Rx: Misuse and Perils

Different regions have different definitions of what qualifies as a prescription drug. But in general, a prescription drug is a pharmaceutical drug that requires medical prescription under legal circumstances to be administered.

“Rx” (℞) is often used as a short form for prescription drug in North America- a contraction of the Latin word “recipe” (an imperative form of “recipere”) meaning “take”. Prescription drugs often come with a monograph (in Europe, a Patient Information Leaflet or PIL) that gives detailed information about the drug. This determines whether the prescriber allows the pharmacist to substitute a cheaper generic drug.

Over-the-counter drugs, on the other hand, can be obtained without a prescription. The reason for this classification and substance control is to avoid the possibility of drug misuse such as drug abuse, and prescription of drugs of those who are practicing medicine without a license and without sufficient education.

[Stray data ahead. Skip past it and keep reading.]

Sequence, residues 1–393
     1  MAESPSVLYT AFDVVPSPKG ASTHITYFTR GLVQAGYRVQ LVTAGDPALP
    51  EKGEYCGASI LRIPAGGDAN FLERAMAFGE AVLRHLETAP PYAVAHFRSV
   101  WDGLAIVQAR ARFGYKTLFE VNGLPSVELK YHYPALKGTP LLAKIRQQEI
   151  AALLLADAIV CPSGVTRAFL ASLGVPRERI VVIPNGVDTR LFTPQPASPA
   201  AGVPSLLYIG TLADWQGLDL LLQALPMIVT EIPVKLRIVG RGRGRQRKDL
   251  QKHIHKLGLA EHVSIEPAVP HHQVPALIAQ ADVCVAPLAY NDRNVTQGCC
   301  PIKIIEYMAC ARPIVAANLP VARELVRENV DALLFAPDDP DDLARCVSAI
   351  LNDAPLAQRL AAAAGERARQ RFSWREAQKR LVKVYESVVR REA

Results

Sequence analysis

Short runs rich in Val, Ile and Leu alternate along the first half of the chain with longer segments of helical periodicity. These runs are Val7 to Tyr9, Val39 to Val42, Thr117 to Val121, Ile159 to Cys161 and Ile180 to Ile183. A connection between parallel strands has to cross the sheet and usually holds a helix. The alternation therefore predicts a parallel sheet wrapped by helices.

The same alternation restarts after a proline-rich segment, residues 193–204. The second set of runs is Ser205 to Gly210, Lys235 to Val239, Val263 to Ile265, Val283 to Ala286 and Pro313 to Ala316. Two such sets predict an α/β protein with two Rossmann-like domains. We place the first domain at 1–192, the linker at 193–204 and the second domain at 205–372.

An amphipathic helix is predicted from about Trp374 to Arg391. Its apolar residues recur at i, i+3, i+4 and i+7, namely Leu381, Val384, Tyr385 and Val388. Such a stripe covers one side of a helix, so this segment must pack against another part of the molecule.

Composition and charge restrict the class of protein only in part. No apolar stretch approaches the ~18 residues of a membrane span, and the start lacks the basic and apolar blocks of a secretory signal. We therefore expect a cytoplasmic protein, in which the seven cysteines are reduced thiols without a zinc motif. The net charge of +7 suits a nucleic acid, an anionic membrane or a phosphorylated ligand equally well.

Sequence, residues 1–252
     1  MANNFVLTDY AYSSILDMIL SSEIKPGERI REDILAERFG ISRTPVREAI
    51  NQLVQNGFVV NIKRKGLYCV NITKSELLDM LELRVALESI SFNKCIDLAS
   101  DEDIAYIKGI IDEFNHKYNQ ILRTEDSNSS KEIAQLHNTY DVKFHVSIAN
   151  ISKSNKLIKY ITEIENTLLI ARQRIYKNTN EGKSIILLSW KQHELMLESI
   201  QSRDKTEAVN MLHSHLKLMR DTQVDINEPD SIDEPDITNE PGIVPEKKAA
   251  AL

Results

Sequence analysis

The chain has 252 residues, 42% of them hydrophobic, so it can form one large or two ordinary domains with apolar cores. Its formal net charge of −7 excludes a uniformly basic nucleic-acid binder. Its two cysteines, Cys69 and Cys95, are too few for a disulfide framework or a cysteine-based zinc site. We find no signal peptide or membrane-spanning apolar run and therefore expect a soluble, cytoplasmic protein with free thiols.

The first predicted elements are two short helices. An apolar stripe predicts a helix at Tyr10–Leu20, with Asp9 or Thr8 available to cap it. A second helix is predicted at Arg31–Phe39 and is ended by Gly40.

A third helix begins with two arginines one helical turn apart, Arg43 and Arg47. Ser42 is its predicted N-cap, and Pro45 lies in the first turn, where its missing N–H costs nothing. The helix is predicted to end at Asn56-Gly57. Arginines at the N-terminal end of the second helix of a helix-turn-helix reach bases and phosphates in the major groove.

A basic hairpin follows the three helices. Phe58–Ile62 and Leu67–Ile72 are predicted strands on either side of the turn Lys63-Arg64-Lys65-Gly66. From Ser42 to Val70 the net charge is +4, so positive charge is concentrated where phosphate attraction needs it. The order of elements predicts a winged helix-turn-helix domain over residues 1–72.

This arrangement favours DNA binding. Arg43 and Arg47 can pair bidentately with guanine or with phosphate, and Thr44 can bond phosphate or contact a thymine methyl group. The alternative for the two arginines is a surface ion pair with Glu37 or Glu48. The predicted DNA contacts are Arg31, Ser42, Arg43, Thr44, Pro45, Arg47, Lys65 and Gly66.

Many think prescription drugs are safe because they were prescribed by a doctor. But taking them for nonmedical use to get high or “self-medicate” can be just as dangerous and addictive as taking illegal street drugs.

The negative effects of prescription drugs misuse include health issues such as extreme weight loss, malnutrition, dehydration, paranoia, chronic insomnia, overdose,  infertility, memory problems and, organ damage and failure. Prescription drug misuse can also lead to addiction, poor academic performance and legal trouble.

There are very serious health risks in taking prescription drugs. This is why they are taken only under the care of a doctor. And even then, they have to be closely monitored to avoid addiction or other problems.

 

References:

“Long-Term Health Risks of Prescription Drug Abuse”. Muir Wood. Cached 14 May 2017.

“Prescription Drug Abuse: A serious problem”. Foundation for a Drug-Free World. Cached 17 May 2017.

“The Dangers of Misused Prescription Drugs”. ULifeline. Cached 14 May 2017.